Managing Background Actors

If you follow me on Twitter, you might have heard some of my frustrations with background actors on a small shoot I was helping out on.

First of all, bear in mind that I definitely did not say any of these things on set. That would be even less professional than the extras1 I was complaining about. Besides, no one likes a complainer.

More importantly, saying “You suck. Try not to suck so much next time.” isn’t a very good management strategy.

And make no mistake, when you’re the background PA, you’ve suddenly gone from the bottom rung of the totem pole to the second-to-bottom rung. You’re not necessarily making the creative decision of where the extras should or shouldn’t be. The AD or director2 will most likely make that call, depending on just how important they are to the scene.

But often a PA will cue specific background at specific points, if the scene calls for it. (This is a situational thing. If the shot is MOS, the AD will most likely call it out herself; if the leads are having an important scene and an extra needs to cross in the background on a certain line, there’s probably a PA just off camera cuing him.)

Your job is more than just on set, though. You have to shuttle them to and from extras’ holding, catering, possibly wardrobe. It can be surprisingly tricky, especially when dealing with a crowd of dozens or hundreds.

The vast majority of extras on a big show will be totally professional, but there’s a rotten apple in every bunch. Some idiot who wanders off, doesn’t pay attention to your instructions, steals stuff.

Losing your cool will not help in those situations. Just like you don’t enjoy being yelled at by the UPM when the other PA is late with lunch, don’t tar the entirety of the background with the brush reserved for that one asshole.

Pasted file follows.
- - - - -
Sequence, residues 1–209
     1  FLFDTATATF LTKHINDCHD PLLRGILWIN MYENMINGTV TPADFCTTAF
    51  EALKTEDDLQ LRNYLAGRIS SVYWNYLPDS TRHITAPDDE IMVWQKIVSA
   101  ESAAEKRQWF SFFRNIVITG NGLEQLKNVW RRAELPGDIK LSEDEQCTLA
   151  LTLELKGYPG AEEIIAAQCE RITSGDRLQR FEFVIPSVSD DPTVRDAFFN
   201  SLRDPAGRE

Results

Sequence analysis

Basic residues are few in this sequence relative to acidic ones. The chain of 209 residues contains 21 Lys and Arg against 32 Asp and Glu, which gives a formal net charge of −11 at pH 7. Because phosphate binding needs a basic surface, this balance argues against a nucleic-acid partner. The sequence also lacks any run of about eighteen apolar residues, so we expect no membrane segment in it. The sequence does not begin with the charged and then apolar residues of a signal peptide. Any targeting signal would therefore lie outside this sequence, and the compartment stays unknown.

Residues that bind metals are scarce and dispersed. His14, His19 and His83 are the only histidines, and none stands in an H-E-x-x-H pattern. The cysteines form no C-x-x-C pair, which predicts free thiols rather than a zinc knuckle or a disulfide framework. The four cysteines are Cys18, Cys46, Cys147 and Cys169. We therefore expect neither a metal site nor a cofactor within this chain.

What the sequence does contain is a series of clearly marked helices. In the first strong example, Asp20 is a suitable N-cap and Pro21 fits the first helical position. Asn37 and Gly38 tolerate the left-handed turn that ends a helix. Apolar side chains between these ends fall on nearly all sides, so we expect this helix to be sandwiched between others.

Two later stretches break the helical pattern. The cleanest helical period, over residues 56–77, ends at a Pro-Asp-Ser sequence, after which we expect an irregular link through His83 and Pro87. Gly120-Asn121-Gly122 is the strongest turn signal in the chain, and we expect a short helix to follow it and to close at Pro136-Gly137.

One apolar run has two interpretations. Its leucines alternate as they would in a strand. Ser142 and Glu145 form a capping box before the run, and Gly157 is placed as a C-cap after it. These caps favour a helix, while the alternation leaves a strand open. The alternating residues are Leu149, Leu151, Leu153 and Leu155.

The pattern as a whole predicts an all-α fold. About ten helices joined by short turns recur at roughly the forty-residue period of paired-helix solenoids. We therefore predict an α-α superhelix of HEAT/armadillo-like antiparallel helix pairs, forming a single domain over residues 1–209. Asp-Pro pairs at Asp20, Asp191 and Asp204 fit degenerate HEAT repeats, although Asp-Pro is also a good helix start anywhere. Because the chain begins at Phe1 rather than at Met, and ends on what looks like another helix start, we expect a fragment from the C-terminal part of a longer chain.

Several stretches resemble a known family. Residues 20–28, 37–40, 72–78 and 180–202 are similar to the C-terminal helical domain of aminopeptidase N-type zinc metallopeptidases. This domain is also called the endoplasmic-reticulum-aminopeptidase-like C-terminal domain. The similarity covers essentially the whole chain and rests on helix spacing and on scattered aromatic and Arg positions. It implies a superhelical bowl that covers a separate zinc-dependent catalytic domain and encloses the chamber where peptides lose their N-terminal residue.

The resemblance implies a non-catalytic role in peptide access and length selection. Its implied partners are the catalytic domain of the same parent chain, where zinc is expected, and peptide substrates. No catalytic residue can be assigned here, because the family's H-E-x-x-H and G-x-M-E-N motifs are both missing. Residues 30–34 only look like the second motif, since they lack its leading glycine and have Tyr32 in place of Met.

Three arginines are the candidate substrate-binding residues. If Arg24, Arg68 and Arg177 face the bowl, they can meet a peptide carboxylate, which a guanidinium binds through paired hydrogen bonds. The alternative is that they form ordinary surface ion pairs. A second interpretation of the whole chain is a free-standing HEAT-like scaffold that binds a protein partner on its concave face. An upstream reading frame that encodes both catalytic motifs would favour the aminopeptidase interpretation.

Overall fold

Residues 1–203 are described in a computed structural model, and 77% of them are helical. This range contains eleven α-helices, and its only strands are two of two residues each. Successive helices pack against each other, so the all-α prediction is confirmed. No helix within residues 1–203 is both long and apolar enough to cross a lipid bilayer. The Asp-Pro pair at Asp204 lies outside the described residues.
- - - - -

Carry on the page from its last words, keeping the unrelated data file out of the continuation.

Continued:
Be as clear and friendly as you can, with the group and individuals. Give them whatever information you’re allowed (everyone wants to know when lunch is), make sure they’re comfortable, give them a heads’ up when you’re about to bring them to set.

When somebody does give you trouble, be calm and rational. If they still cause problems, well… you don’t get paid enough for this shit. Bump it up to the 2nd (or 2nd 2nd) AD. They can decide whether to send someone home, reprimand them, or give Central Casting a call to never let this particular extra come back on your set.

Also, try to look at it from the background actors’ point of view. You’re a PA, still wet behind the ears. You’re under 30, you’re still excited to be on set. Many extras have been doing this for decades; this is their career. They’ve seen and done it all, and you’re not going to surprise them.

So, don’t act like a know-it-all. You know this shoot, right now. Don’t talk down to them. In fact, you could probably learn a thing or two from the background vets.

Except for the asshole who tries to talk a selfie with the lead actress. Fuck that guy.

Footnotes    (↩ returns to text)

  1. That link is an older (original?) TAPA complaining about using the term “extra” rather than “background actor.” While I sympathize with the point in theory, 16 characters is too much to type over and over in a post about extras.
  2. Fun fact: the director is not actually allowed to direct background… directly. If she does, they become “actors,” with the commensurate pay bump. Nobody wants to pay for that.
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2 Responses

  1. I’ve worked on and off as a background artist for 10 years in the UK and I’ve slowly seen the “industry” collapse around my ears.

    As a freelancer I’d happily take days on set as and when and fit it around my day job, also somewhat tangentially related to the industry .

    But despite the fact that the studios are busier than ever, the weakening power of the unions, the prevalence of non-union flat rates, the growing number of agencies willing to accept lower rates for their artists and who take on ever more people onto their books, have meant that while the UK film industry is busier than is has been for decades, at the bottom there’s less actual work being handed out by agencies and half the time the money for those jobs has gone down.

    As a result the more professional background artists among us can no longer rely on the volume of work at the rates that make it viable to keep coming back and for me, it’s rarely worth making time in my schedule for it anymore and I know no one who can

    On set this has led to a rise in unprofessional behavior from the background, much of the time because they don’t know any better (Seen a marked rise is selfies with talent who are polite enough to put up with it), which in turn has begun to foster more and more resentment from the AD’s ans PA’s having to marshal an ever more and more unruly group.

    So to sum up the work is less regular, the money has slowly deteriorated and it’s not as much fun on set anymore… Which is a shame.

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